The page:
In March 24, 2023, the STOP team in Ethiopia concluded the last visit of the last participant in the ALIVE trial
A total of 3,912 school children were screened and 861 were randomised and treated in the three trial sites (Ethiopia, Mozambique and Kenya) during Phase 3 of the ALIVE trial, which has now officially ended.
The ALIVE trial met its primary endpoint of treating 501 children infected with Trichuris trichiura or whipworm (the target was 499), and its secondary endpoint of treating 348 children with hookworm (the target was 312). “Unfortunately, we did not reach the target for Strongyloides stercoralis infections, but that was not our primary objective,” explains Alejandro Krolewiecki, who is leading the clinical trial.
During the trial, the children were first asked to give a stool sample that was screened for infection by the various soil-transmitted helminths (STH). If the sample was positive for one or more STH, the child was randomly assigned to receive either the standard treatment (albendazole alone) or the pill combining a fixed dose of albendazole and ivermectin, the safety of which had been previously confirmed in Phase 2 of the trial. After treatment, all the children had 5 follow-up visits and were asked to provide at the last visit (around day 21) another stool sample for analysis.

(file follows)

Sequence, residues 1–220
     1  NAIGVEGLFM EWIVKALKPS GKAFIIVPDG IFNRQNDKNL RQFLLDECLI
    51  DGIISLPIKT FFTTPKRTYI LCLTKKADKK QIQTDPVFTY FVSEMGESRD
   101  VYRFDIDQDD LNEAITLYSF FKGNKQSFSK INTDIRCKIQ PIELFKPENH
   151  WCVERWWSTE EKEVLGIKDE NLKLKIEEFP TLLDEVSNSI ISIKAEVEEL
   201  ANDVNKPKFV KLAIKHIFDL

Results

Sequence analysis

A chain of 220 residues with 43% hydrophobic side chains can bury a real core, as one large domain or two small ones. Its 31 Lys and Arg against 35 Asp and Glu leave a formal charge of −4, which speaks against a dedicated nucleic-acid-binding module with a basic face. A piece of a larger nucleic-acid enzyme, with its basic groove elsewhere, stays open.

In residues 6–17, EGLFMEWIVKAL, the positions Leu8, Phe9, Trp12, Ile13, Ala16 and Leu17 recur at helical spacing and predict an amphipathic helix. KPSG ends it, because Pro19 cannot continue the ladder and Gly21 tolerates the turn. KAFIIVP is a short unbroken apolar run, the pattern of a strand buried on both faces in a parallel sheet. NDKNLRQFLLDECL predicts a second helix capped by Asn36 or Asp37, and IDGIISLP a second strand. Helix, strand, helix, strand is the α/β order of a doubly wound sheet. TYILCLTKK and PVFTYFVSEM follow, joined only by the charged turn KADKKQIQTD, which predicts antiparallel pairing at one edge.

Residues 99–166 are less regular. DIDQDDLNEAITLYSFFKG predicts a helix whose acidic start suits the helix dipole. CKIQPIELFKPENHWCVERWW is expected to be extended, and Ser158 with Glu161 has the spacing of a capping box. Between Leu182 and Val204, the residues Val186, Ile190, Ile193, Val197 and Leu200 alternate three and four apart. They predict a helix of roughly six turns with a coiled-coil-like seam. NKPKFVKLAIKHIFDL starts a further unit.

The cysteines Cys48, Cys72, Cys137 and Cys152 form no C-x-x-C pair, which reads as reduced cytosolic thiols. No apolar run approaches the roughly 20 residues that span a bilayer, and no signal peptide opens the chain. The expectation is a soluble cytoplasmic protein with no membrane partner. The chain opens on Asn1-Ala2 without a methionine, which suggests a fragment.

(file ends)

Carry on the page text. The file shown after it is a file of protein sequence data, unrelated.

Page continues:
Now that the recruitment is complete, the research team is busy analysing the data and hopes to have some preliminary results ready for the next annual meeting of the consortium, which will take place in Mozambique in September 2023. The analysis will show whether the fixed dose combination is more effective than the standard treatment for treating Trichuris and hookworm.
“We are also busy preparing the reports for submission to the European Medicines Agency (EMA) in November this year so that we can register the product, which has been accepted by the medicines4all procedure,” adds Krolewiecki.